Johnson: Not locking in a rate can be a risk in situations where a borrower’s purchase and loan request are near or at the maximum of what they are qualified to buy and borrow and could jeopardize their ability to qualify for the loan. If the interest rate increases, it would push the borrower’s monthly payment higher and could prevent loan approval if other adjustments can’t be made. Borrowers should work closely with a licensed mortgage originator to go over their full financial circumstances and to ensure the loan is set up to help the borrower meet their financial goals.
Williams: During the mortgage application process and underwriting, if interest rates increase to a point where the lender believes the loan is no longer affordable to the buyer and the rate was not locked, it is possible — and likely — that the lender may rescind approval of the mortgage.
A buyer and the lender should have an open dialogue to know at what rate the buyer may no longer be able to afford the home. A more critical step is knowing not only what you, as a buyer, are approved for, but more importantly, what you can actually afford and be financially healthy.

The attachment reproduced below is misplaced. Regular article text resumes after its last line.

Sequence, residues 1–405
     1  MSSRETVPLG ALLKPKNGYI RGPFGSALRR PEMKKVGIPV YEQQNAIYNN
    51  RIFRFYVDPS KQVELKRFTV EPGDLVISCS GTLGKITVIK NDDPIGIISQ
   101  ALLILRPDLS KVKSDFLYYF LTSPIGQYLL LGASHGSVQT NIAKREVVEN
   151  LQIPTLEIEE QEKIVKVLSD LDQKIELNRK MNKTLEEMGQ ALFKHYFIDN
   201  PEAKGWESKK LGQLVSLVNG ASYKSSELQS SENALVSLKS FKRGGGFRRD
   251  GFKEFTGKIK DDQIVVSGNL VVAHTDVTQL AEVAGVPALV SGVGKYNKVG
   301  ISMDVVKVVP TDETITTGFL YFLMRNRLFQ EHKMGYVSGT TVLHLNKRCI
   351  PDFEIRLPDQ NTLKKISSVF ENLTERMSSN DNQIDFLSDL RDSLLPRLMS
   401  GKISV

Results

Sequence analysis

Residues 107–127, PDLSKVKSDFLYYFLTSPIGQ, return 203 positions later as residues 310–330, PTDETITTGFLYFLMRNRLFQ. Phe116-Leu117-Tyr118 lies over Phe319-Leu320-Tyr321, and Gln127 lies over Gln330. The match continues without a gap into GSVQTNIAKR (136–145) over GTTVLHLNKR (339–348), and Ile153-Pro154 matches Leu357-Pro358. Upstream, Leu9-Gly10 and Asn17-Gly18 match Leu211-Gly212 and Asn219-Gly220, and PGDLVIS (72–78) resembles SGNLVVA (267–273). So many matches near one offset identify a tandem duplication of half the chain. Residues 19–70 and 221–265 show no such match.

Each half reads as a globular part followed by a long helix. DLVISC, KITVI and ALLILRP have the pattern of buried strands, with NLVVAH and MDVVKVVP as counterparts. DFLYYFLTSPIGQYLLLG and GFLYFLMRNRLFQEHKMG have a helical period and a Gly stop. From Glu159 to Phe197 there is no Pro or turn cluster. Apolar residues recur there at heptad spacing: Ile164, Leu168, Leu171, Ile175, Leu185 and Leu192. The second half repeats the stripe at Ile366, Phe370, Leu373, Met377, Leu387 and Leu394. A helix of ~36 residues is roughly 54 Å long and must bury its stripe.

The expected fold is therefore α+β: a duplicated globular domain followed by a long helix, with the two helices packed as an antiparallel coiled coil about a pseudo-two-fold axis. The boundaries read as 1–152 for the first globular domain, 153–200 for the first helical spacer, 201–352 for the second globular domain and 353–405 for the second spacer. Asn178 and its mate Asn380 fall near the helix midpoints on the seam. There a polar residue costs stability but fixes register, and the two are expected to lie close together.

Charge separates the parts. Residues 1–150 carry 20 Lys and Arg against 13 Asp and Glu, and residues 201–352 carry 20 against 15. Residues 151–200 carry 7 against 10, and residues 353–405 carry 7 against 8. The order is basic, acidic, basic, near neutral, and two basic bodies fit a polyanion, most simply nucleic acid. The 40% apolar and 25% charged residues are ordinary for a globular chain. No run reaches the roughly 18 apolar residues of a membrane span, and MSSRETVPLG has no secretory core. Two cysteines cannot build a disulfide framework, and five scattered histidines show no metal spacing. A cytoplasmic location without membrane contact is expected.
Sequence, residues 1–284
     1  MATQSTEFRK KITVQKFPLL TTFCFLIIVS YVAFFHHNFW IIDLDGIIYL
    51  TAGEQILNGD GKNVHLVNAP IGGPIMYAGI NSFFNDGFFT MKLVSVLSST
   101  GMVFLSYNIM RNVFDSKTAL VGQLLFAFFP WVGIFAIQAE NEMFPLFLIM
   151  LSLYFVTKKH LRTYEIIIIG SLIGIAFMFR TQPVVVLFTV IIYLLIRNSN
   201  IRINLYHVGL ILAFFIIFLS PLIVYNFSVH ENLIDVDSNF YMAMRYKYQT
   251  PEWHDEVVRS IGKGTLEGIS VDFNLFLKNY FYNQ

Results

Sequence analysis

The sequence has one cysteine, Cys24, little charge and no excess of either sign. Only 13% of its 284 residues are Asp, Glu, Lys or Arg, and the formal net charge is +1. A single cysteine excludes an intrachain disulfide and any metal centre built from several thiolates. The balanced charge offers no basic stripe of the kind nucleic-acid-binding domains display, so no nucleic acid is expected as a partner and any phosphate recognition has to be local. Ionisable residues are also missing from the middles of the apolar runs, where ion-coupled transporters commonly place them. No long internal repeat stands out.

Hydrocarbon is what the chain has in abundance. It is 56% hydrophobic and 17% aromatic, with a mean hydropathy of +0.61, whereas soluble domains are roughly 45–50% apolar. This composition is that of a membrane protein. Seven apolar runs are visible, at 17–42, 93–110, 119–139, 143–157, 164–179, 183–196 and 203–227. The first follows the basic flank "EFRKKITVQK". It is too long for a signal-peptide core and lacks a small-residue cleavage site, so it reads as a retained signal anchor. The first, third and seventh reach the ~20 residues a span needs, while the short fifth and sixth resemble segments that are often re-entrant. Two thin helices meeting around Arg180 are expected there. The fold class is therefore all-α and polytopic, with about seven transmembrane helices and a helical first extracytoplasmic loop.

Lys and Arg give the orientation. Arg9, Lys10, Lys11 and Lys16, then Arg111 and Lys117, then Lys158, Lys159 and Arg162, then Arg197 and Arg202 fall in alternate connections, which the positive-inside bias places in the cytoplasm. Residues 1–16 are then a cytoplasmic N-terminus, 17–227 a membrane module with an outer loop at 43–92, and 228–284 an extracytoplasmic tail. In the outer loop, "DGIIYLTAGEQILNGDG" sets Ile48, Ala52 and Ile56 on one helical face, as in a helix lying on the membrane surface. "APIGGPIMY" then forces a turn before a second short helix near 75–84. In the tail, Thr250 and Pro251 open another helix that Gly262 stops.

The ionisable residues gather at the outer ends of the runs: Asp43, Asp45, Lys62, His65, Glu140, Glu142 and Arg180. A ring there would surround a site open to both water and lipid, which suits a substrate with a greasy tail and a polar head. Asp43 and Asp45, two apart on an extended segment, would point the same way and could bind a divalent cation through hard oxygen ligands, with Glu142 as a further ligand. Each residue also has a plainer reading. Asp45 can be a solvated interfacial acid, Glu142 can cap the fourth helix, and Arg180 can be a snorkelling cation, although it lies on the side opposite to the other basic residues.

What happens if rates go down during a rate lock?
Johnson: A rate lock is a commitment from the lender to make a loan at the rate quoted to the borrower. It is also a commitment from the borrower to accept and close at the agreed upon rate. The borrower is protected if interest rates increase after locking. Unless the borrower has purchased a “float down” option, the interest rate can’t be reduced if rates go down before closing. The term “lock in” confirms that the rate has been agreed to by all parties.
Williams: The availability of a “Float Down Option” varies between lenders and programs, and costs are often between an additional 0.5 percent and 1 percent of the loan amount.